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    Longitudinal master track and field performance decline rates are lower and performance is better compared to athletes competing only once

    Hoog Antink, Christoph, Braczynski, Anne K, Kleerekoper, Anthony ORCID logoORCID: https://orcid.org/0000-0002-3621-8568, Degens, Hans ORCID logoORCID: https://orcid.org/0000-0001-7399-4841 and Ganse, Bergita (2021) Longitudinal master track and field performance decline rates are lower and performance is better compared to athletes competing only once. The Journals of Gerontology Series A: Biological Sciences, 76 (8). pp. 1376-1381. ISSN 1079-5006

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    Abstract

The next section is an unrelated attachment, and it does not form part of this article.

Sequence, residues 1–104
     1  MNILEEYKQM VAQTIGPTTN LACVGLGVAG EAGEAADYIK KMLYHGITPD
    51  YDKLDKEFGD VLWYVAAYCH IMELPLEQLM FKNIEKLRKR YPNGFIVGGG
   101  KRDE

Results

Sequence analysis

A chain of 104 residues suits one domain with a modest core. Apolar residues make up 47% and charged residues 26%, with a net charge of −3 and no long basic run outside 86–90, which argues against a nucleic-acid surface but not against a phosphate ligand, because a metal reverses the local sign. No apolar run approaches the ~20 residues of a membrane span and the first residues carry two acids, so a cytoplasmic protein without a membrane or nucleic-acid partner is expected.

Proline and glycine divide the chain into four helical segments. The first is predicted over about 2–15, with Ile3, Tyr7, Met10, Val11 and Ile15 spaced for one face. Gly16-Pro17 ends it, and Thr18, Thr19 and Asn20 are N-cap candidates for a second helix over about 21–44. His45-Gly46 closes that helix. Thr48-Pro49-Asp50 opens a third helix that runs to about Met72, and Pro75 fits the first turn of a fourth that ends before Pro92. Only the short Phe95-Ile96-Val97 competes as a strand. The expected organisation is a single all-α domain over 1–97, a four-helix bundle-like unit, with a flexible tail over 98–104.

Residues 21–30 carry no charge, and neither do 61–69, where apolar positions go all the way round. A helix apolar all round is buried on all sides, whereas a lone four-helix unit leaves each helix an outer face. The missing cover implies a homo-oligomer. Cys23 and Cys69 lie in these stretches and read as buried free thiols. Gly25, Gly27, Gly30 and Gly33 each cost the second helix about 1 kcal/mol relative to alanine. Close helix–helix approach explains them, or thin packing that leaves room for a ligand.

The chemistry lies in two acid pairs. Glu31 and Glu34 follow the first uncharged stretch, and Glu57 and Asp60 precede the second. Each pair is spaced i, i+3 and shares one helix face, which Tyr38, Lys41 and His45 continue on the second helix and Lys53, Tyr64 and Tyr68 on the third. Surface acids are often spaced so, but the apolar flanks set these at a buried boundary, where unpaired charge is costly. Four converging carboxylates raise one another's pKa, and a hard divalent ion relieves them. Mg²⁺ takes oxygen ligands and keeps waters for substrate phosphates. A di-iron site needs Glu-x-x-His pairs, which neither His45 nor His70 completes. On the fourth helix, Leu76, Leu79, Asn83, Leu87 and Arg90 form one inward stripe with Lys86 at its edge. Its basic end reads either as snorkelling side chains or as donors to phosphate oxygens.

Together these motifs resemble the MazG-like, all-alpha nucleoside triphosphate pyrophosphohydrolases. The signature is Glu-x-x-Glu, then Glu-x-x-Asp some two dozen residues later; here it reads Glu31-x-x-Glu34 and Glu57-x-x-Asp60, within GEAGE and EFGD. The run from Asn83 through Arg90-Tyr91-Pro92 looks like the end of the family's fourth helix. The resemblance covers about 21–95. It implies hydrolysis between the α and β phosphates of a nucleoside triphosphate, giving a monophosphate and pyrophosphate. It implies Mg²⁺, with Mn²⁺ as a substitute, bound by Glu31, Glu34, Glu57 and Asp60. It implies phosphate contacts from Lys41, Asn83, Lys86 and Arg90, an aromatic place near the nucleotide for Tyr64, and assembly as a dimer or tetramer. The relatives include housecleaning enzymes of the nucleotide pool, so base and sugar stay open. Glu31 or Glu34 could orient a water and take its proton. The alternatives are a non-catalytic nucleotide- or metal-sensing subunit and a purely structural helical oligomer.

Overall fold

In master athletics research, cross-sectional data are easier to obtain than longitudinal data. While cross-sectional data give the age-related performance-decline for a population, longitudinal data show individual trajectories. It is not known whether athletes who repeatedly compete have 1) a better performance and 2) a slower age-related decline in performance than that obtained from cross-sectional data from athletes competing only once. To investigate this, we analyzed 33,254 results of 14,118 male athletes from 8 disciplines in the database of 'Swedish Veteran Athletics'. For each discipline and for the pooled data of all disciplines, quadratic models of the evolution of performance over time were analyzed by ANCOVA/ANOCOVA using MATLAB. The performance was higher in athletes with 2 or more data-points compared to those with only n = 1 (p < 0.001), with further increases in performance with an increasing number of data-points per athlete. The estimated performance decline was lower in people with 2 or more results (sprint, 10 km, jumps; p < 0.001). In conclusion, we showed that longitudinal data are associated with a higher performance and lower performance decline rate.

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